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Matt P., New Hampshire
"I switched to the public school in tenth grade. That was in `95. Most of my friends were there, and it was okay for the first couple of months.

"I broke up with my girlfriend. I met a guy; he was from a rival town. It was cool because we could keep it secret. I told four people. One of the girls wanted to go out with me, so she put it out on the school e-mail system that day.

"From then on it was a nightmare. There were 4,500 people in my town, and one identifiably gay male in town besides me.

"I was harassed every day. They'd say, `faggot,' `queer,' stuff like that.

"My place was in the art room. For my next class after art, I had to go up to the third floor to English, past the landing where the rednecks hung out. They tripped me. I never did anything to them. It was always, `faggot,' `queer.' I got pushed down the flight of stairs.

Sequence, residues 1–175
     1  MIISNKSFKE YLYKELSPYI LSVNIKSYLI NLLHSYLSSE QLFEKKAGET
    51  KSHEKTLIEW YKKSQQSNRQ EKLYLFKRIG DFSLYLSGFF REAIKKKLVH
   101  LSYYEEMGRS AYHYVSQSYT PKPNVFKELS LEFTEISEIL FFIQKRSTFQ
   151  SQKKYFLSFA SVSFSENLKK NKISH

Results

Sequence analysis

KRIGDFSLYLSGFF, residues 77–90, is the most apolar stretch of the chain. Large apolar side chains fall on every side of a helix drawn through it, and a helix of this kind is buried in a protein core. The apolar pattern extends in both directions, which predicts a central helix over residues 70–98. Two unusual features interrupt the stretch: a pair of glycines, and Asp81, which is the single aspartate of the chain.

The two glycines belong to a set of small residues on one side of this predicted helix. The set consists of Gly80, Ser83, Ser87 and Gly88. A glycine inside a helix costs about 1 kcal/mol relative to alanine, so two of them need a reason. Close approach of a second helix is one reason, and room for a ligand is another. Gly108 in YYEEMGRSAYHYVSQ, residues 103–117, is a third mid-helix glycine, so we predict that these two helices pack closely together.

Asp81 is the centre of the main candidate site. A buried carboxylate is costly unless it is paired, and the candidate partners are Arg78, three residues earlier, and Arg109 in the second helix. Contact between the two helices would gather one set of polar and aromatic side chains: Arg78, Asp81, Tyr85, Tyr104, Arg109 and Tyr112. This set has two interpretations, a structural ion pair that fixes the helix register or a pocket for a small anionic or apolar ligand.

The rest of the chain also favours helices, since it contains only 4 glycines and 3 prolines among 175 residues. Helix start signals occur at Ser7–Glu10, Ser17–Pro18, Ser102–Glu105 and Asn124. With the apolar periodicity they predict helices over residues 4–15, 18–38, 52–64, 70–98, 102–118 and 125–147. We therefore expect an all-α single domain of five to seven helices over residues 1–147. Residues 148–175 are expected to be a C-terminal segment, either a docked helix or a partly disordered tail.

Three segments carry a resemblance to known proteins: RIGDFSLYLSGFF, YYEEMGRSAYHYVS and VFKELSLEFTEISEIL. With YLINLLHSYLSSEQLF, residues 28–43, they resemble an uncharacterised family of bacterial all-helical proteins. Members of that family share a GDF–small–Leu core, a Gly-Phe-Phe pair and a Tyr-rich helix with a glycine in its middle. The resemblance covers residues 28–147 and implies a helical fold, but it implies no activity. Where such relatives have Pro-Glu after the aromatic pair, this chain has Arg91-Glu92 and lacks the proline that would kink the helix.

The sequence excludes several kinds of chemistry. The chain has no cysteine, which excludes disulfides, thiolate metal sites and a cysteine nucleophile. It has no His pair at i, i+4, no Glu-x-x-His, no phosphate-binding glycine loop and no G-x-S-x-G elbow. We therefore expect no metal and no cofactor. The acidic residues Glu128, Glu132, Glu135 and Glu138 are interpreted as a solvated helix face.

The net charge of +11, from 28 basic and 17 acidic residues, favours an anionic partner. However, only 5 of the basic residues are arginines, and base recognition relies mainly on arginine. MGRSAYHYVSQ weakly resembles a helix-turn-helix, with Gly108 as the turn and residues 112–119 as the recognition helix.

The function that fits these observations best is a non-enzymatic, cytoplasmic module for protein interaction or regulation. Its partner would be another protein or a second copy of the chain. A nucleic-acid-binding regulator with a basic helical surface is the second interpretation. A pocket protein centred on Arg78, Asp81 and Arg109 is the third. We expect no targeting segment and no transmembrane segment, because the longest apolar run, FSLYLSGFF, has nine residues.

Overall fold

"It got so I didn't go to the locker room or the bathroom. I stopped using my locker. My lock started disappearing and reappearing on other people's lockers.

"It wasn't just at school. My father was harassed. People would recognize his car. On the day of his wedding, we were walking back and these people drove by and yelled "faggot" at me. That was the first time that my extended family had heard of it.

"Another time, I kissed my boyfriend in the car at the light, and some people got out of their car and screamed at us. They went driving after us, tailgating us and yelling and screaming.

"It wasn't all bad. A lot of people were very friendly. But the people that weren't were really loud. There are always people with different viewpoints, but these people were obnoxious.

"Nothing was done by the administration. A guy screamed `queer' down the hall in front of the principal's office, but nothing happened to him. The teachers-yeah, the teachers could have seen what was going on. Nothing happened."


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